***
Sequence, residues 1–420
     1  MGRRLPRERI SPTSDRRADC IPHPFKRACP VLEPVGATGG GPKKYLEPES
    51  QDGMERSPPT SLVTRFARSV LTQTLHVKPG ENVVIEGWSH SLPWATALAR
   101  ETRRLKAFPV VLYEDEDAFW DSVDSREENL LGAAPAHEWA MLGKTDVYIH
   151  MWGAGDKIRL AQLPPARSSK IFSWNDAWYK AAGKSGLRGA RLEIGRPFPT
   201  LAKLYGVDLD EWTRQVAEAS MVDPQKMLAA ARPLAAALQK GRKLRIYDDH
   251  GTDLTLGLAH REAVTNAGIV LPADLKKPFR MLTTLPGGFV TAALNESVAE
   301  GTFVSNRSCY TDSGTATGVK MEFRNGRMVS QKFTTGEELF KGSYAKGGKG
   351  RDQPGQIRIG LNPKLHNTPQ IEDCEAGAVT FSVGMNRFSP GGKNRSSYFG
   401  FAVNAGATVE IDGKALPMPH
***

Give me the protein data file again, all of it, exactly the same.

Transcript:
Sequence, residues 1–420
     1  MGRRLPRERI SPTSDRRADC IPHPFKRACP VLEPVGATGG GPKKYLEPES
    51  QDGMERSPPT SLVTRFARSV LTQTLHVKPG ENVVIEGWSH SLPWATALAR
   101  ETRRLKAFPV VLYEDEDAFW DSVDSREENL LGAAPAHEWA MLGKTDVYIH
   151  MWGAGDKIRL AQLPPARSSK IFSWNDAWYK AAGKSGLRGA RLEIGRPFPT
   201  LAKLYGVDLD EWTRQVAEAS MVDPQKMLAA ARPLAAALQK GRKLRIYDDH
   251  GTDLTLGLAH REAVTNAGIV LPADLKKPFR MLTTLPGGFV TAALNESVAE
   301  GTFVSNRSCY TDSGTATGVK MEFRNGRMVS QKFTTGEELF KGSYAKGGKG
   351  RDQPGQIRIG LNPKLHNTPQ IEDCEAGAVT FSVGMNRFSP GGKNRSSYFG
   401  FAVNAGATVE IDGKALPMPH